McIndoe died in 1960, but his legacy carried on. Members of the Guinea Pig Club honored him at their annual reunion meetings until the final meeting in 2007. The Blond McIndoe Centre was opened in 1961 and continues to fund groundbreaking research to help advance the science of healing. Queen Victoria Hospital is still known for its excellence in plastic and reconstructive surgery. In 2014, a memorial statue dedicated to McIndoe was unveiled in East Grinstead, honoring his work to help in the psychological recovery of his patients.

Much like Harold Gillies, Archibald McIndoe dedicated himself to alleviating the suffering of men, particularly airmen, injured in war. His advances regarding the use of saline are still a standard in burn management, and his work towards healing both the physical and psychological wounds of his patients bettered the lives of hundreds of injured men.

Archibald McIndoe memorial statue in East Grinstead, courtesy of Wikimedia Commons

Filed under People, Eras & Events

Article by Jordan Lynch

This "beyond the book article" relates to The Facemaker. It originally ran in August 2022 and has been updated for the June 2023 paperback edition. Go to magazine.

This review is available to non-members for a limited time. For full access become a member today.
Membership Advantages
  • Reviews
  • "Beyond the Book" articles
  • Free books to read and review (US only)
  • Find books by time period, setting & theme
  • Read-alike suggestions by book and author
  • Book club discussions
  • and much more!
  • Just $45 for 12 months or $15 for 3 months.
  • More about membership!

Support BookBrowse

Join our inner reading circle, go ad-free and get way more!

Find out more


Top Picks

  • Book Jacket: Change
    Change
    by Edouard Louis
    Édouard Louis's 2014 debut novel, The End of Eddy—an instant literary success, published ...
  • Book Jacket: Big Time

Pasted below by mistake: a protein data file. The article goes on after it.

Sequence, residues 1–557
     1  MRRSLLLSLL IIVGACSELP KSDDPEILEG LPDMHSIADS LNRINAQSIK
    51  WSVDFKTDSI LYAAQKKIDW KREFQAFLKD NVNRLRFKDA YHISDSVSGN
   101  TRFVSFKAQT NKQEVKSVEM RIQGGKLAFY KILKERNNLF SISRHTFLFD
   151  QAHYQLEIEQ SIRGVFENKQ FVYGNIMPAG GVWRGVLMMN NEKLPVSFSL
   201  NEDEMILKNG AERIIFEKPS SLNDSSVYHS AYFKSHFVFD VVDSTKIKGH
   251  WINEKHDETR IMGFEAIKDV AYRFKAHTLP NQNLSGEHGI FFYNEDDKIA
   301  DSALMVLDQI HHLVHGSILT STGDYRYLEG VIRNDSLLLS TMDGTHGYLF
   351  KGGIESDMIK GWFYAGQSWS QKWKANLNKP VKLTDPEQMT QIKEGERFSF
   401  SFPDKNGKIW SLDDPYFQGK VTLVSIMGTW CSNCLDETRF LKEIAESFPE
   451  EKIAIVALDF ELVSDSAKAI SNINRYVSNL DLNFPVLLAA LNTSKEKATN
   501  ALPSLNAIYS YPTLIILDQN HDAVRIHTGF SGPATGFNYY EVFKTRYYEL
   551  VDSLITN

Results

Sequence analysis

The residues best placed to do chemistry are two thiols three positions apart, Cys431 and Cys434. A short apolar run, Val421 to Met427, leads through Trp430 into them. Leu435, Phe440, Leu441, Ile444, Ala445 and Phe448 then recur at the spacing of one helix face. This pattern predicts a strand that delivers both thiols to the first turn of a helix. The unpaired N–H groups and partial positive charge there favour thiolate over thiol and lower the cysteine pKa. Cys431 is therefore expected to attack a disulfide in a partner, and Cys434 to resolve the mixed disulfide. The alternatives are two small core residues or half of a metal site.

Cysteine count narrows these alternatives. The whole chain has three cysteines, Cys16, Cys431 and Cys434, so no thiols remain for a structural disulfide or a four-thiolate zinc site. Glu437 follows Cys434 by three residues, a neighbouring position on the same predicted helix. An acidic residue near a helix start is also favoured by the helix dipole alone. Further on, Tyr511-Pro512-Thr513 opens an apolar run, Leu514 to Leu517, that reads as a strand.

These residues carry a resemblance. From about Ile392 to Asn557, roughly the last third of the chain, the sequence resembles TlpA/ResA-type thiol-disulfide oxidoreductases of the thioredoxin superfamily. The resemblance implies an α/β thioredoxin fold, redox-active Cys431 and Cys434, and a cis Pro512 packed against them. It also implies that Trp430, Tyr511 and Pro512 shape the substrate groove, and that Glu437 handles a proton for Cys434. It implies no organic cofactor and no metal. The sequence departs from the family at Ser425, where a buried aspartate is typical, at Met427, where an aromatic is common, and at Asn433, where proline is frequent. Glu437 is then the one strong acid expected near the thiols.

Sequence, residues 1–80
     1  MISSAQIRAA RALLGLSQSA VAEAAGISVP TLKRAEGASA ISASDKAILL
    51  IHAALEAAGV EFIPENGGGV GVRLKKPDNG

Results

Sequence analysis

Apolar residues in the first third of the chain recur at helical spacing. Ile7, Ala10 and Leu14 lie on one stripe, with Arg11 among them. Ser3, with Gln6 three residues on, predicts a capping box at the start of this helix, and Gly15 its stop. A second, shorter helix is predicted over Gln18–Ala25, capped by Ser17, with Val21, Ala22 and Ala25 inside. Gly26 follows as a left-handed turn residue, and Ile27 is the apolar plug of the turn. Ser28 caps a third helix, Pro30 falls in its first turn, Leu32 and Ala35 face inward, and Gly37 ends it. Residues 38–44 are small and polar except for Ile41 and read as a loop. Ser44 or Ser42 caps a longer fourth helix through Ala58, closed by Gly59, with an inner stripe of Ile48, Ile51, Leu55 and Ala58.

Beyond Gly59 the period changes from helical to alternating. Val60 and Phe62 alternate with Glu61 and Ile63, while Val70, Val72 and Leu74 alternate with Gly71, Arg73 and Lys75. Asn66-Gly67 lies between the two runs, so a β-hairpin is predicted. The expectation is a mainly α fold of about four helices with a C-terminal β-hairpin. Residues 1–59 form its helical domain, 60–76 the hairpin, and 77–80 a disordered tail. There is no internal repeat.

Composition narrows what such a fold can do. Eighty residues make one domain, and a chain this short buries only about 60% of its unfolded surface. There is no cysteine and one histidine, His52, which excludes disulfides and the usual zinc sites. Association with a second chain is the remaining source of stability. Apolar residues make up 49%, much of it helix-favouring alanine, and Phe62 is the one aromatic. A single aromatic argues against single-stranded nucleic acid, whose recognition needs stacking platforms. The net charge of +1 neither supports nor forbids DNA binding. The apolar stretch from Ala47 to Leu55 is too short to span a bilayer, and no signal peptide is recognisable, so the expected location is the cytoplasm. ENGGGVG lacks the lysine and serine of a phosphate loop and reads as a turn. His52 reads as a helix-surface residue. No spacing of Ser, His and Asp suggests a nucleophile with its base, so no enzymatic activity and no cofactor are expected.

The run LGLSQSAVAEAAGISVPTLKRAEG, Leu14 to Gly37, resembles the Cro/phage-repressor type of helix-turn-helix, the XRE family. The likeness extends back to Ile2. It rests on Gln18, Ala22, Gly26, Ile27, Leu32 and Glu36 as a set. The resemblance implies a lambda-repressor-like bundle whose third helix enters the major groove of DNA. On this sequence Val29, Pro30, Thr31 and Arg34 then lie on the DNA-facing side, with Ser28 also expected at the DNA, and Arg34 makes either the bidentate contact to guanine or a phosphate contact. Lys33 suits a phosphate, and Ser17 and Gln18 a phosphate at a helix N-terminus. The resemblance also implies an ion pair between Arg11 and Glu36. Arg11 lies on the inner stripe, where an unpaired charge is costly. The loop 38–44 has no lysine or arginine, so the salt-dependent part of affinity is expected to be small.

Big Time
    by Ben H. Winters
    Big Time, the latest offering from prolific novelist and screenwriter Ben H. Winters, is as ...
  • Book Jacket: Becoming Madam Secretary
    Becoming Madam Secretary
    by Stephanie Dray
    Our First Impressions reviewers enjoyed reading about Frances Perkins, Franklin Delano Roosevelt's ...
  • Book Jacket: The Last Bloodcarver
    The Last Bloodcarver
    by Vanessa Le
    The city-state of Theumas is a gleaming metropolis of advanced technology and innovation where the ...

BookBrowse Book Club

Book Jacket
A Great Country
by Shilpi Somaya Gowda
A novel exploring the ties and fractures of a close-knit Indian-American family in the aftermath of a violent encounter with the police.

Members Recommend

  • Book Jacket

    The Stone Home
    by Crystal Hana Kim

    A moving family drama and coming-of-age story revealing a dark corner of South Korean history.

  • Book Jacket

    The House on Biscayne Bay
    by Chanel Cleeton

    As death stalks a gothic mansion in Miami, the lives of two women intertwine as the past and present collide.

Win This Book
Win The Funeral Cryer

The Funeral Cryer by Wenyan Lu

Debut novelist Wenyan Lu brings us this witty yet profound story about one woman's midlife reawakening in contemporary rural China.

Enter

Wordplay

Solve this clue:

M as A H

and be entered to win..

Your guide toexceptional          books

BookBrowse seeks out and recommends the best in contemporary fiction and nonfiction—books that not only engage and entertain but also deepen our understanding of ourselves and the world around us.